Illinois. Board of State Commissioners of Public Illinois.

Biennial report of the Board of State Commissioners of Public Charities of ... online

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The grand jury has recently condemned it, and recommended the
building of a sewer.

Macoupin. — This prison was found to be clean, and the law re-
specting whitewashing fully observed. The defects of the jail are
due to its construction, not to the manner in which it is kept.
There have been no escapes. The number of prisoners, when visited,
was five; but the number received during the year ending May 1,
1880, was thirty- nine.

Madison. — This prison is more ambitious in its design than suc-
cessful in its practical working. The system of ventilation adopted
does not seem to be efiFectual, and the odor in the jail is very bad.
In consequence of the wearing of the paint, the premises present a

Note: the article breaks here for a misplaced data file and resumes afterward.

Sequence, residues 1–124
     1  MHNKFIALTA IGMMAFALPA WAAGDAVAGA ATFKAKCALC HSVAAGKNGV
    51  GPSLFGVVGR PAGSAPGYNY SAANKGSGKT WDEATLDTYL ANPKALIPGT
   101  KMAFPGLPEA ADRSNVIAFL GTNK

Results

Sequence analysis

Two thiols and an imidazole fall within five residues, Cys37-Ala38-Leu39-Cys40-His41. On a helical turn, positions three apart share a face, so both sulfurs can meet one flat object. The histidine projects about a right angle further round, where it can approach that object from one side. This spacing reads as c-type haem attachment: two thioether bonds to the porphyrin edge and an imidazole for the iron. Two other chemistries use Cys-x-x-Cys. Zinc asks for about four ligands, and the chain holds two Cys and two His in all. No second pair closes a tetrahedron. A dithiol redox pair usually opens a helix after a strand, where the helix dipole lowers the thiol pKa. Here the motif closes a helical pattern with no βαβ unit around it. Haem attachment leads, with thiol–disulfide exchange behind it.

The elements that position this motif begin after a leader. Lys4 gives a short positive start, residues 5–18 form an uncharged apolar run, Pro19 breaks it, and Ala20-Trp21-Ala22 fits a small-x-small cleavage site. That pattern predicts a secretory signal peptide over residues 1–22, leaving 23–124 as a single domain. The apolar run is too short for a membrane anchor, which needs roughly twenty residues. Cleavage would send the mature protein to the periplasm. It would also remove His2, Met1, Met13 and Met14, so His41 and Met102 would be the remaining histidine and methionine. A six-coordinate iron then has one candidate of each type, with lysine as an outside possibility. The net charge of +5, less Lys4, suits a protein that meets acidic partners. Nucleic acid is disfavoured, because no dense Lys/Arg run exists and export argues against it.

dilapidated and dirty appearance. The cell for female prisoners re-
mains as at the time of our former reports: a dark dungeon, with-
out hght or ventilation ; unfit to contain anything which is alive —
human, animal or vegetable. The jail has been made more secure
by placing wir^ screens over each window (a good improvement).
The number of prisoners received during the year ending May 1,
1880, was one hundred and seven, of whom nine were in jail when
inspected.

Marshall.— This is a dark and poorly ventilated prison, but was
found in a state of creditable cleanliness. There have been no
escapes during the year. The number of prisoners admitted from
June 1, 1879, to June 1, 1880, was twenty-one. The grand jury
have condemned it, not only for want of ventilation, but as
insecure.

Mason. — We are sorry to say that this jail has not yet tumbled
down. Fortunately, the number of prisoners during the year end-
ing June 1, 1880, was only eighteen, and still more fortunately,
none of them made their escape. The grand jury has condemned
the prison as not only insecure, but actually unsafe to live in. The
premises are clean and reasonably well kept.

Massac. — The jail is an iron cage, entered by a trap-door from